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Where does Visual Studio look for C++ header files?

Posted by: admin November 29, 2017 Leave a comment


I checked out a copy of a C++ application from SourceForge (HoboCopy, if you’re curious) and tried to compile it.

Visual Studio tells me that it can’t find a particular header file. I found the file in the source tree, but where do I need to put it, so that it will be found when compiling?

Are there special directories?


Visual Studio looks for headers in this order:

  • In the current source directory.
  • In the Additional Include Directories in the project properties (under C++ | General).
  • In the Visual Studio C++ Include directories under ToolsOptionsProjects and SolutionsVC++ Directories.

In your case, add the directory that the header is in to the project properties.


If the project came with a Visual Studio project file, then that should already be configured to find the headers for you. If not, you’ll have to add the include file directory to the project settings by right-clicking the project and selecting Properties, clicking on “C/C++”, and adding the directory containing the include files to the “Additional Include Directories” edit box.


Tried to add this as a comment to Rob Prouse‘s posting, but the lack of formatting made it unintelligible.

In Visual Studio 2010, the “Tools | Options | Projects and Solutions | VC++ Directories” dialog reports that “VC++ Directories editing in Tools > Options has been deprecated”, proposing that you use the rather counter-intuitive Property Manager.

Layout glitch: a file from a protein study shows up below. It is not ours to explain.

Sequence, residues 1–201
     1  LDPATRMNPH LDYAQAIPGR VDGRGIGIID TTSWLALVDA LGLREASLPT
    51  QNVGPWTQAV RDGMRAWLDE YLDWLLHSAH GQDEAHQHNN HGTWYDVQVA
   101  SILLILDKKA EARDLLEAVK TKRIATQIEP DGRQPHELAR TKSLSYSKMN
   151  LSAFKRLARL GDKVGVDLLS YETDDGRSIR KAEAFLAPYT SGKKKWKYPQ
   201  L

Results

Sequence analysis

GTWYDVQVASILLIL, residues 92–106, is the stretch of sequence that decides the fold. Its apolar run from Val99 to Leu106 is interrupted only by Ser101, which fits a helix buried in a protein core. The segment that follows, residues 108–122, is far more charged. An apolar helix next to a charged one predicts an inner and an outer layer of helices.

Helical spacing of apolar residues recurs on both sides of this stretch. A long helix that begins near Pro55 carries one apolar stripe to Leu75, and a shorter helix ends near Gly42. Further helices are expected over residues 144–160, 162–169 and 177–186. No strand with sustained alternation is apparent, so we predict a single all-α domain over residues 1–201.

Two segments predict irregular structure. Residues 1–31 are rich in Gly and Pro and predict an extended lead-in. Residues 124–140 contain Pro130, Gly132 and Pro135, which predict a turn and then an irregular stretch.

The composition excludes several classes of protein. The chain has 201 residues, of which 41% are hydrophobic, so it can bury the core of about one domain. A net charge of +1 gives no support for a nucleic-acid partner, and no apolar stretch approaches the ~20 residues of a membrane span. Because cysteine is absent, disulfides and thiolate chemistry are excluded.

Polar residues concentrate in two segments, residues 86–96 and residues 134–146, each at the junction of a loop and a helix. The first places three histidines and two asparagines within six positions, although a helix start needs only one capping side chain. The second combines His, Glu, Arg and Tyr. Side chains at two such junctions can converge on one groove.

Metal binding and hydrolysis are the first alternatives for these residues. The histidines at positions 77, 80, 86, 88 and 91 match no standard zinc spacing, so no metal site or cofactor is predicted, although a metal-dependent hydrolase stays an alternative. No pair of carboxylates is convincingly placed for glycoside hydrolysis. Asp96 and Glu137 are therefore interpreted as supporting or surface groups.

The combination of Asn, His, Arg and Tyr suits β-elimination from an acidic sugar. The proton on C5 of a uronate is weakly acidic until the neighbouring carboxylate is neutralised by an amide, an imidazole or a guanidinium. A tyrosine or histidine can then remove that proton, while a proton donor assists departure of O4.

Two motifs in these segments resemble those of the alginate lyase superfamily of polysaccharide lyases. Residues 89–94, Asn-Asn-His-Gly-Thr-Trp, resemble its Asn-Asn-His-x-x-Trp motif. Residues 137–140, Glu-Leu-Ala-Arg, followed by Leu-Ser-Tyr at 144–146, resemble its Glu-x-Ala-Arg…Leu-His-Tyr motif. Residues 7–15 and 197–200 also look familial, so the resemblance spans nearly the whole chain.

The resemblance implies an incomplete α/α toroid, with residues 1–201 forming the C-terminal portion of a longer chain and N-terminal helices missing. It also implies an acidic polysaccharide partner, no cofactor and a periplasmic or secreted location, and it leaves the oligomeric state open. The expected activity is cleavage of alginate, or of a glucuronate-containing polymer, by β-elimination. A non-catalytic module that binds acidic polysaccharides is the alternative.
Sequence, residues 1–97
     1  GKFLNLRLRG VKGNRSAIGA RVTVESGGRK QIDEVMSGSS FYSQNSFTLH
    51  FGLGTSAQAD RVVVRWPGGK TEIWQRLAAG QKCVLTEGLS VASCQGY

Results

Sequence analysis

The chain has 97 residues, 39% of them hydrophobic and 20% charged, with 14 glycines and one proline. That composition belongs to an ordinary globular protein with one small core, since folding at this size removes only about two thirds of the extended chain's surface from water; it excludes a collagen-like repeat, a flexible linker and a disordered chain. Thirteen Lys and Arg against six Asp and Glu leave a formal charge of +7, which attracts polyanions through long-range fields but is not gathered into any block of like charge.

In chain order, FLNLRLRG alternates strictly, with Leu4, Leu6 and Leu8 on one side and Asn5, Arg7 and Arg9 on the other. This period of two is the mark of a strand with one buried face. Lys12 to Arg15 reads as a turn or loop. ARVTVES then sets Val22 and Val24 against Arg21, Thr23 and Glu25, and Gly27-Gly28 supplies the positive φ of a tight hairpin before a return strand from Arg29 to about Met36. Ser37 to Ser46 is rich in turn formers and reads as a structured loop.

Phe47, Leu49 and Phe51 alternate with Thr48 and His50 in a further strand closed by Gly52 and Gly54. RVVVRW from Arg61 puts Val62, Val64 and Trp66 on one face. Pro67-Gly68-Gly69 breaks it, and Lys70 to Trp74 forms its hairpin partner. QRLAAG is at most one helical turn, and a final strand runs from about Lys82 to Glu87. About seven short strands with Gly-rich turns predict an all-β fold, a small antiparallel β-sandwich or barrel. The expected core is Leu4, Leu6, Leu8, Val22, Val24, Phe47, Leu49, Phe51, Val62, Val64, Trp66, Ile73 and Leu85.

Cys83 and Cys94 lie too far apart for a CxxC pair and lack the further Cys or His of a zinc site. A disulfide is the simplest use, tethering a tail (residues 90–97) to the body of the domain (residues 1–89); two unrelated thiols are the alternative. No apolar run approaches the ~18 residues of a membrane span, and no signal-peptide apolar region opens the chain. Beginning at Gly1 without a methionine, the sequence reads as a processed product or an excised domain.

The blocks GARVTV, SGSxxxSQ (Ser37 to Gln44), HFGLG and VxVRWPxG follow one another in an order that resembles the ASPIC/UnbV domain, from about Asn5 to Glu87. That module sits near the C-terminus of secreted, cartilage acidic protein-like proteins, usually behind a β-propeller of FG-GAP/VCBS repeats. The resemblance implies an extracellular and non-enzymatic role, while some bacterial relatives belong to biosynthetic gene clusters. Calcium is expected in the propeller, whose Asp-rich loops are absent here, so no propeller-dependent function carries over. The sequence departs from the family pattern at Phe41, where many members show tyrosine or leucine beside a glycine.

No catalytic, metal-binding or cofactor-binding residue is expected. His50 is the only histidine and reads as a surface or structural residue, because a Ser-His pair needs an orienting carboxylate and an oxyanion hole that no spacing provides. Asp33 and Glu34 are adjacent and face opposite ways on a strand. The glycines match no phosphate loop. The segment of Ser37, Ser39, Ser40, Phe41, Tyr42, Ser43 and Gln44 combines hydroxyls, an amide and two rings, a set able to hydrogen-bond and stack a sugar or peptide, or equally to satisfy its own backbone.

If you really, really want to update the default $(IncludePath), you have to hack the appropriate entry in one of the XML files:

\Program Files


\Program Files

(Probably not Microsoft-recommended.)


There seems to be a bug in Visual Studio 2015 community. For a 64-bit project, the include folder isn’t found unless it’s in the win32 bit configuration Additional Include Folders list.


There exists a newer question what is hitting the problem better asking How do include paths work in Visual Studio?

There is getting revealed the way to do it in the newer versions of VisualStudio

  • in the current project only (as the question is set here too) as well as
  • for every new project as default

The second is the what the answer of Steve Wilkinson above explains, what is, as he supposed himself, not the what Microsoft would recommend.

To say it the shortway here: do it, but do it in the User-Directory at


in the XML-file




and not in the C:\program files – directory, where the unmodified Factory-File of Microsoft is expected to reside.

Then you do it the way as VisualStudio is doing it too and everything is regular.

For more info why to do it alike, see my answer there.